Mike MacDonald (67): Big Mac was everything you wanted in a player: steady, a leader, and ferocious in all aspects of the game. MacDonald earned his first cap while still at Cal all the way back in 2000. Over the next decade plus he went on to play professionally in England with Worcester and Leeds, where he was captain. He also played for the U.S. in three World Cups—2003, 2007, and 2011. It was the last World Cup where he showed just how much he means to the team with a Man of the Match performance against Russia. MacDonald is now back in California playing a bit for Olympic Club while coaching at Cal.
Luke Gross: Although he spent much of his professional career bouncing from club to club throughout Europe, he was extremely consistent for the Eagles. Gross held the all-time caps record for several years until MacDonald broke his record in 2011. Originally a basketball player at Marshall University he made the transition to rugby late, at age 24. Gross is now sharing his experience as High Performance Player Development Manager for U.S.A. Rugby.
Alec Parker: Much of Parker’s career was spent paired with Gross in the locks. Together they created an outstanding duo in the lineout. Parker played on the Eagles 2003 and 2007 World Cup squads. In 2007 he was part of the infamous Try of the World Cup in which Taku Ngwenya blew past Bryan Habana.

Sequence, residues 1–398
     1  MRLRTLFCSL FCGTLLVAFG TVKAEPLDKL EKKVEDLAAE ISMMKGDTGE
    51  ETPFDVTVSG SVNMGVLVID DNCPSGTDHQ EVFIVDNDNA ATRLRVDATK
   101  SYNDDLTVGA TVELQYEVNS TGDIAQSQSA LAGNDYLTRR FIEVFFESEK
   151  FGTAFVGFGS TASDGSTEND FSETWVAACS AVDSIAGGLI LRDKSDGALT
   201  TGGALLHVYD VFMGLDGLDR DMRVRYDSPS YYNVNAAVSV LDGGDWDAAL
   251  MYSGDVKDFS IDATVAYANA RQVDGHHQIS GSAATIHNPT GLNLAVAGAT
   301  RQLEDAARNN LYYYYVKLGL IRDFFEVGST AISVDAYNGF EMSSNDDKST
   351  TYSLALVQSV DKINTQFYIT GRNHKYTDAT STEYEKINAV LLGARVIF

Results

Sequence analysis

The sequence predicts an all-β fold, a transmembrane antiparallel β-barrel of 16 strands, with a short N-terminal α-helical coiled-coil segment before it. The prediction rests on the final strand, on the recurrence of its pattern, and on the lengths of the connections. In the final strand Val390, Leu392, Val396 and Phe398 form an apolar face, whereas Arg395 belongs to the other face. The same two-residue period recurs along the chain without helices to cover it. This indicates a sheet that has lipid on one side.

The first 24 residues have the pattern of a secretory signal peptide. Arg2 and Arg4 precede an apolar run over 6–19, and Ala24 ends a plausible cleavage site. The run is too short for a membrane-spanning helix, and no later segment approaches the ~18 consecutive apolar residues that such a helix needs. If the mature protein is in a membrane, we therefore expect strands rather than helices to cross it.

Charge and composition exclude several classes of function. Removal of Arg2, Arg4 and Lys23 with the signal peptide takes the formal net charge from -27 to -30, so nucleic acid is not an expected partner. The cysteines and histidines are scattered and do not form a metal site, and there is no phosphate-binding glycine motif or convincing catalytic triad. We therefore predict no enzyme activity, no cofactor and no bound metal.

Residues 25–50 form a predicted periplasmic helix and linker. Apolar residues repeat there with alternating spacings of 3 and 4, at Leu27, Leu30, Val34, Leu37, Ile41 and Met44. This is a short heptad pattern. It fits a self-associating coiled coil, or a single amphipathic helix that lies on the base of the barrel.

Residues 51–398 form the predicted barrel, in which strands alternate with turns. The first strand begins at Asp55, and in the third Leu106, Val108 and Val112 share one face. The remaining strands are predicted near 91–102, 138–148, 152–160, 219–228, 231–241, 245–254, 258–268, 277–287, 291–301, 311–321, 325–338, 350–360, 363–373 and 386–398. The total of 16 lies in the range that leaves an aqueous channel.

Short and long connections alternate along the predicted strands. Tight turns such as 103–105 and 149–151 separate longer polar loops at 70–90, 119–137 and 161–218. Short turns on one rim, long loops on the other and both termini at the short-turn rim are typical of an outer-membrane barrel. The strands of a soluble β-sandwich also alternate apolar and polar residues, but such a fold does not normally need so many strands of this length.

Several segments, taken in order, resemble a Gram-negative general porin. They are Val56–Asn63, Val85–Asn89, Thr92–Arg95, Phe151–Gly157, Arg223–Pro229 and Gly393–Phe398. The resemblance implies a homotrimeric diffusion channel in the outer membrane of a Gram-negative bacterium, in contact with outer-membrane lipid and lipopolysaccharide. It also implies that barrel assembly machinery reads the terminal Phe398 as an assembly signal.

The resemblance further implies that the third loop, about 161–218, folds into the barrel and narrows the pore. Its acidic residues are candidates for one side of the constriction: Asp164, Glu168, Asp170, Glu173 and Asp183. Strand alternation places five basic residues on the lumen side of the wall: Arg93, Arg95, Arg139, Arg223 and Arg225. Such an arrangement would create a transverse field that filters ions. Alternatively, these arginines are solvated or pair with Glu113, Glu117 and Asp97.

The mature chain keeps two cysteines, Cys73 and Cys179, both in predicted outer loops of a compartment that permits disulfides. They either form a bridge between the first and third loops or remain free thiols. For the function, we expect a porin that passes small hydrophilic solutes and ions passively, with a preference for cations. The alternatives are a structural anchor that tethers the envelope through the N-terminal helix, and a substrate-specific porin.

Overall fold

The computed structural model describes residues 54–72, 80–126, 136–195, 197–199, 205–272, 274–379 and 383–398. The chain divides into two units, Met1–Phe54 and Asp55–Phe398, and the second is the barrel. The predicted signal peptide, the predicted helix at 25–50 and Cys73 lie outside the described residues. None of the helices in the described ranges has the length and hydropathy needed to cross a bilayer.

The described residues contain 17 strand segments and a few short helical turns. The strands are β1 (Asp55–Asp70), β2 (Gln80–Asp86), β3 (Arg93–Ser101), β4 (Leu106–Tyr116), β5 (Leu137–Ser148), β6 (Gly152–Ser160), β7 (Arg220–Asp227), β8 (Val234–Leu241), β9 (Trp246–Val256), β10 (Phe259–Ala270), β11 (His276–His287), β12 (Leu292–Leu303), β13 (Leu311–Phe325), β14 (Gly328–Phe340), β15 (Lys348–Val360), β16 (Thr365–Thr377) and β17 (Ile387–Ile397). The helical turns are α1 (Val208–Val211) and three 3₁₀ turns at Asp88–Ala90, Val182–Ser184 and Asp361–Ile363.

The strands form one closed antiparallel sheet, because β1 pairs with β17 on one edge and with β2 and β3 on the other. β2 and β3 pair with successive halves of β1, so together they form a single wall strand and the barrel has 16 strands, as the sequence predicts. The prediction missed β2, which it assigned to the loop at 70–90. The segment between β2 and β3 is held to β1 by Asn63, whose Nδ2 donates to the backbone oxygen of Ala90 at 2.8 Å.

Paul Emerick: Not many would dispute that Emerick embodied everything you’d want in an Eagle. He showed up every match ready to compete and gave everything he had on the pitch. Emerick had his fair share of controversy, namely his spear tackled against Olly Barkley that put him out of the 2007 World Cup, but that was part of his passion. Like many of the top U.S. players, Emerick emerged from relative obscurity at the University of Northern Iowa, but went on to have a long pro career in Italy, Wales, Ireland, and England.
Dave Hodges: Hodges, along with Dan Lyle, deserves credit for opening up professional opportunities to Americans overseas. Shortly after rugby professionalized Hodges found an opportunity at Scarlets and did well. His natural leadership abilities found an outlet as he captained the team for 27 matches. Since retiring he has stayed around the Eagles as an assistant coach at times and is now involved with the U.S.A. Sevens.
Todd Clever: The current U.S. captain is the only active player with 50 plus caps. As long as he stays healthy over the next few years Clever has a very realistic chance of catching MacDonald for the all-time record. Clever already has a long list of accolades including being the first American to score in Super Rugby. He’s played in New Zealand, South Africa, and currently in Japan with the NTT Shining Arcs. He has also played for the U.S. 7’s team over a dozen times.